Astrophysicist inspires students to reach high

Dr. Jedidah Isler, Astrophysicist, speaks about her path to success. Photo credit: Dayday Wynn

By Jack Parsley | Reporter

Dr. Jedidah Isler, the first African-American woman to receive a PhD in astrophysics from Yale, shared the story of her journey with a group of Baylor students Tuesday night as a part of the Academy Leader Development Lecture Series.

As a child, Isler was fascinated by the night sky and would frequently spend her nights outside stargazing, she said. When she was 12 years old, she read a library book about careers in science that helped her discover the field of astrophysics. From that moment on, Isler began working toward becoming an astrophysicist.

Isler described many of the hardships she faced in pursuit of her dream. She went to a college that did not offer astrophysics as a major. People regularly told her that she did not look like an astrophysicist, or that she wasn’t cut out for the profession. Isler told the Baylor students that she cried everyday for the first two years of her PhD program. Through all of this she never quit on her dream, she said.

“At some point, I needed to keep going because it was what I wanted to do, and there was nothing else that I wanted to do more,” Isler said. “No test, homework or bad day could take from me my desire to do it.”

In addition to being an astrophysicist, Isler is also an activist promoting the inclusion of women of color in the fields of science, technology, engineering and mathematics, or STEM. Isler has given a TED Talk on the subject and hosts a monthly web series about women of color in STEM.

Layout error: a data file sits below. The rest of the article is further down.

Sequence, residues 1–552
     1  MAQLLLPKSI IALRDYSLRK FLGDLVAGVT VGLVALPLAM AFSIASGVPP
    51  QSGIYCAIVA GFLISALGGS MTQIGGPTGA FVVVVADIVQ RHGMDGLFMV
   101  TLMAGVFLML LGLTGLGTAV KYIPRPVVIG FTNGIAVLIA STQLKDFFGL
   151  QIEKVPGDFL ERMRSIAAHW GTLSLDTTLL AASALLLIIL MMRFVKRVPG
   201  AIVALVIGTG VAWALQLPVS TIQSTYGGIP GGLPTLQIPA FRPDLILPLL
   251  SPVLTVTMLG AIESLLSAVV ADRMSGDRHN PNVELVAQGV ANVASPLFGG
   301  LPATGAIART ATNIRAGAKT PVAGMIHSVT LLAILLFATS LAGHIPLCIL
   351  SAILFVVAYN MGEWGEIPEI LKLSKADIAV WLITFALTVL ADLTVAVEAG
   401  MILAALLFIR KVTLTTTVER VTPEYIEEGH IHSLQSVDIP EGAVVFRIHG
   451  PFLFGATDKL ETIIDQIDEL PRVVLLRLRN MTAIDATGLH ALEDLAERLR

“If the goal is just for me to get to my goal that is sort selfish because there are many people who can learn from my experience that I can be in dialogue with to help them do it better,” Isler said.

Isler shared some of her role models and how they helped her become the person she is today. Her mother always pushed her to pursue her dream and never let her give up, she said. Mae Jemison, the first African-America woman to go to space, inspired her as a pioneer for women of color in the field of astrophysics. Isler said that civil rights activists Kimberlé Williams Crenshaw and Ella Baker shaped her approach to being an activist for women of color in STEM.

“These women… really helped me formulate a sense of what I think is important as it relates to leadership,” Isler said. “Pull together a group of people, living or not, that can help articulate the things that you think are important.”

Baylor director for student leadership, education and development, Lamar Bryant, said he hopes students were inspired by Isler’s story and the obstacles she overcame.

“I think that her perspective provides a unique perspective,“ Bryant said. “Her story empowers students to help them to understand that the sky literally is the limit, and if they believe, they can achieve.”

Isler encouraged students use their education as a foundation that they can build on to create change in the world.

“The thing that I think has been the most liberating for me is the sense that anything that I was taught at any level of my academic education was just the beginning,” Isler said.